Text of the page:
The partnership between the two companies, according to Samani, will help to keep maintenance costs low because IBI provides seamless integration with AdvancedMD’s EHR.
Samani said that the issue of connections is more challenging for some physician practices compared to others depending on how their practice is developed from an IT perspective. Hospitals, he said, often have to manage all this connectivity that they are not familiar with because the standards are not really usually the core competency of the IT personnel in the hospital.
According to AdvancedMD, the combined capability between the AdvancedMD EHR and IBI, also meets the needs of the meaningful use 2 program measures relating to immunization reporting, electronic laboratory reporting, cancer reporting and syndromic health reporting to public health agencies. The integration of both products allows the user to stay within one system to achieve the goals of their practice.
Industry insiders point out that the process of applying to state registries in order to meet meaningful use 2 requirements for immunization records reporting is both tedious and time consuming from a providers perspective.
“We have gone through the process of applying to the state registries and from a provider’s perspective, it would be considered a lengthy process,” said Michael Fitzpatrick, enterprise integrations project manager at Hackensack University Medical Center. “It was very time consuming and if you don’t have an IT department that is able to take on that task, it could be even more time-consuming and problematic and it could interfere with patient care,” he said.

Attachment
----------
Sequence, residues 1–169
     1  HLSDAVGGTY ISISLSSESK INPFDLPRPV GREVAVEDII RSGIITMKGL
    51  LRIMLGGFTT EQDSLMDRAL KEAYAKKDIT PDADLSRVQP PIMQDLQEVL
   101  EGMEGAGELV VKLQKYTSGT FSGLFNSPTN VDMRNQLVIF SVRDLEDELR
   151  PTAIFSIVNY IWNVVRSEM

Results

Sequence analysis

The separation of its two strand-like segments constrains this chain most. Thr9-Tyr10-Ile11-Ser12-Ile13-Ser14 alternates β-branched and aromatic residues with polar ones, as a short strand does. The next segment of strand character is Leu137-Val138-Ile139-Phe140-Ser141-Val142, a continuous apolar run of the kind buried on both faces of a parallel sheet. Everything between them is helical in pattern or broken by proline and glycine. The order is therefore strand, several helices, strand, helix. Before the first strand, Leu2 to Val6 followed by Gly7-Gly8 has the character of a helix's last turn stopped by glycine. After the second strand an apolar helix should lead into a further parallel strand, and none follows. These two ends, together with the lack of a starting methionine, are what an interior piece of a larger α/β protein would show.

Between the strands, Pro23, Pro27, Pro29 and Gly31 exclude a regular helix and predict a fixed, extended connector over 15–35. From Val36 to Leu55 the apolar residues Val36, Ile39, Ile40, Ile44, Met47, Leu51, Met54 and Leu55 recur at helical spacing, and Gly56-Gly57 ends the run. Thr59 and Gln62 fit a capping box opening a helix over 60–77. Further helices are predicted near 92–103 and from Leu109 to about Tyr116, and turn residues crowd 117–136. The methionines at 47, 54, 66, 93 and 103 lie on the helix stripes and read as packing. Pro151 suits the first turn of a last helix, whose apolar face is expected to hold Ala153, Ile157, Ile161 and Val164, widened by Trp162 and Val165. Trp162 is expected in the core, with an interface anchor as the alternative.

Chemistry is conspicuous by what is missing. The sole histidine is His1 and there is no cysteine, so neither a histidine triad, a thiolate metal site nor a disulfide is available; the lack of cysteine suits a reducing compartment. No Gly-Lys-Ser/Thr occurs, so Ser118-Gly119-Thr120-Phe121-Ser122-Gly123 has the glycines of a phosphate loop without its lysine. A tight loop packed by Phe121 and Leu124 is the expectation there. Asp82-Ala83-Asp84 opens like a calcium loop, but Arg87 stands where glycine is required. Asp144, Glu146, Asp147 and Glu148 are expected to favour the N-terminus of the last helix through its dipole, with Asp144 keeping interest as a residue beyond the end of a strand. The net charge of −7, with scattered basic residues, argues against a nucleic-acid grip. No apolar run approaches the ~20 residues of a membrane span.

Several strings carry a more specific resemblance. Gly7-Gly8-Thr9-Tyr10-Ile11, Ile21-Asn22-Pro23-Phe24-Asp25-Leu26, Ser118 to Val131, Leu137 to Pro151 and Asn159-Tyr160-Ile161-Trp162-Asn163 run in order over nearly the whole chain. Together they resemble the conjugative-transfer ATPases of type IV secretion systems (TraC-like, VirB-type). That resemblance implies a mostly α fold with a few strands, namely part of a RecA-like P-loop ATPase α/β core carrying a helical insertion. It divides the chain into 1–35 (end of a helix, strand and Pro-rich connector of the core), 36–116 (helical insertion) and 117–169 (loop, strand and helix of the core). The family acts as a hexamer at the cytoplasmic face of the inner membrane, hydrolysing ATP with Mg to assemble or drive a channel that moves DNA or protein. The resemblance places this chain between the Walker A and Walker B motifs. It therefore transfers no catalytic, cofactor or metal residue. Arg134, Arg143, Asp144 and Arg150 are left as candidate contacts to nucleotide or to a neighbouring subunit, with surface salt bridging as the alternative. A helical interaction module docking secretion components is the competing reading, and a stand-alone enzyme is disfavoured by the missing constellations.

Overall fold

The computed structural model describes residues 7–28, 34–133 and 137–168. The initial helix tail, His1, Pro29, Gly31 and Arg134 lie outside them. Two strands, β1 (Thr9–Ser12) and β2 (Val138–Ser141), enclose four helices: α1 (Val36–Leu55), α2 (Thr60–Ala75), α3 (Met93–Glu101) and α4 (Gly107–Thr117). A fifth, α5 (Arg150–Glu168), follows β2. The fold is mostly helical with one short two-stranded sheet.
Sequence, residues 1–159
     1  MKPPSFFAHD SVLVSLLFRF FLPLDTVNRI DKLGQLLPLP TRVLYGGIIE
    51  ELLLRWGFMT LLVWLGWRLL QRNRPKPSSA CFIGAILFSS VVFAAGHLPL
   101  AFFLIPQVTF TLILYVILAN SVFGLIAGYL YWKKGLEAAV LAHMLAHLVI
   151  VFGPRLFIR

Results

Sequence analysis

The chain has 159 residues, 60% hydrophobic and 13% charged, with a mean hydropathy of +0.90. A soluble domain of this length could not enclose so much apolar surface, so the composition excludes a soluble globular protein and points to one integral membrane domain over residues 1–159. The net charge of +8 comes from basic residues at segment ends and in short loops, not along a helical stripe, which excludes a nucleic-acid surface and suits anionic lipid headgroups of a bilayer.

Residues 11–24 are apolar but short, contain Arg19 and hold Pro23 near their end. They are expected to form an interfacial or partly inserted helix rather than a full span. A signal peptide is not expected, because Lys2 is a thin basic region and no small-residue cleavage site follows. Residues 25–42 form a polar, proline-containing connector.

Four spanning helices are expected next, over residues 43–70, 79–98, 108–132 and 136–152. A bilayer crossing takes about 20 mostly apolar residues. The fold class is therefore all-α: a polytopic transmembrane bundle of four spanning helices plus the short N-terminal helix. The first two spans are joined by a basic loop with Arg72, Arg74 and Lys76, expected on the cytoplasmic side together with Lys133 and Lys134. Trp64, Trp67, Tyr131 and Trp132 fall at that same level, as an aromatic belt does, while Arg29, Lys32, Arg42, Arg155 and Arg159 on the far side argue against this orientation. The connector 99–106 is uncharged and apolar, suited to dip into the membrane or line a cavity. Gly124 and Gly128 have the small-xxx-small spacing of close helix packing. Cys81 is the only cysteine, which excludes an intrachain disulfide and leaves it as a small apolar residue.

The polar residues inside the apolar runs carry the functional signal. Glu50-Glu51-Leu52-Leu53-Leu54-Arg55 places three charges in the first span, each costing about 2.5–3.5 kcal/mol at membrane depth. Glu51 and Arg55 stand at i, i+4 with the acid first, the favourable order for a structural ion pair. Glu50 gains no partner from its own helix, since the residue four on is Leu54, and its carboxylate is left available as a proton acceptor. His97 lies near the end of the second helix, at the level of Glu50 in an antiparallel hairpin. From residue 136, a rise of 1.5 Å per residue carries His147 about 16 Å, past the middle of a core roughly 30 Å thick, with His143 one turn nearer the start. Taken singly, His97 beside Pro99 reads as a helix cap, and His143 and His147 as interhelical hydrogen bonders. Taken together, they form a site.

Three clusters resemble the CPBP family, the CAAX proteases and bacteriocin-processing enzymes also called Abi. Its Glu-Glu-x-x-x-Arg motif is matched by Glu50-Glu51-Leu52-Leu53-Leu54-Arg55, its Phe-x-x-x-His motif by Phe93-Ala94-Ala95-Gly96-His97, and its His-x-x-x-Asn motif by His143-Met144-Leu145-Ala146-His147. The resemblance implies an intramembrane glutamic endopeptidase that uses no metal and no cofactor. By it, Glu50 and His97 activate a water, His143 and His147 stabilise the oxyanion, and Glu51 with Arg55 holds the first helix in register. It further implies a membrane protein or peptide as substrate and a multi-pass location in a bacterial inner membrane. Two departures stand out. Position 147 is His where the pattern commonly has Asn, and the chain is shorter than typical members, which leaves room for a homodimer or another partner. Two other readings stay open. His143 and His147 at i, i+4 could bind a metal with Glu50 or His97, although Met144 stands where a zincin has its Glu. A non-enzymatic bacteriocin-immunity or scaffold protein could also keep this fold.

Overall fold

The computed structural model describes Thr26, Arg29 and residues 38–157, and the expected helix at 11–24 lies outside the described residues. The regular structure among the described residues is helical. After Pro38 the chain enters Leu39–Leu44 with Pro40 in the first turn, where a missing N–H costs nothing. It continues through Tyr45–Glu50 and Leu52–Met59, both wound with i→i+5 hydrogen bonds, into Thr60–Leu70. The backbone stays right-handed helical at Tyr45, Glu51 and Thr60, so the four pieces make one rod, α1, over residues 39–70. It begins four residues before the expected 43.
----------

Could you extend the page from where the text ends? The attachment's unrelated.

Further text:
Fitzpatrick noted that for providers that are using HUMCs EMR for their ambulatory or outpatient, they have contacted the state, have run through the testing with them and set up the necessary paper work and testing along with the state.
“The providers that are using HUMCs system have a seamless method. They use the clinical system to document that they’re actually immunizing or administering the vaccines and behind the scenes due to the set up that we’ve completed, the correct information is being exchanged with New Jersey information systems.”
Currently, HUMC is in the testing phase with New Jersey for its outpatients. Fitzpatrick said that there’s a lengthy delay in acceptance for the state of New Jersey.
“They do enroll you based on the approximate volume of immunizations that your practice is giving,” said Fitzpatrick. On the inpatient side, HUMC has just achieved ongoing submission with the state.
Fitzpatrick said that the integration of both AdvancedMD/IBI products that meets the needs of the meaningful use 2 program measures relating to immunization reporting, electronic laboratory reporting, cancer reporting and syndromic health reporting to public health agencies is “ground-breaking.”
“Right now we are managing those projects separate and distinct from each other and if this one product is something that would be combining those, that is fantastic.”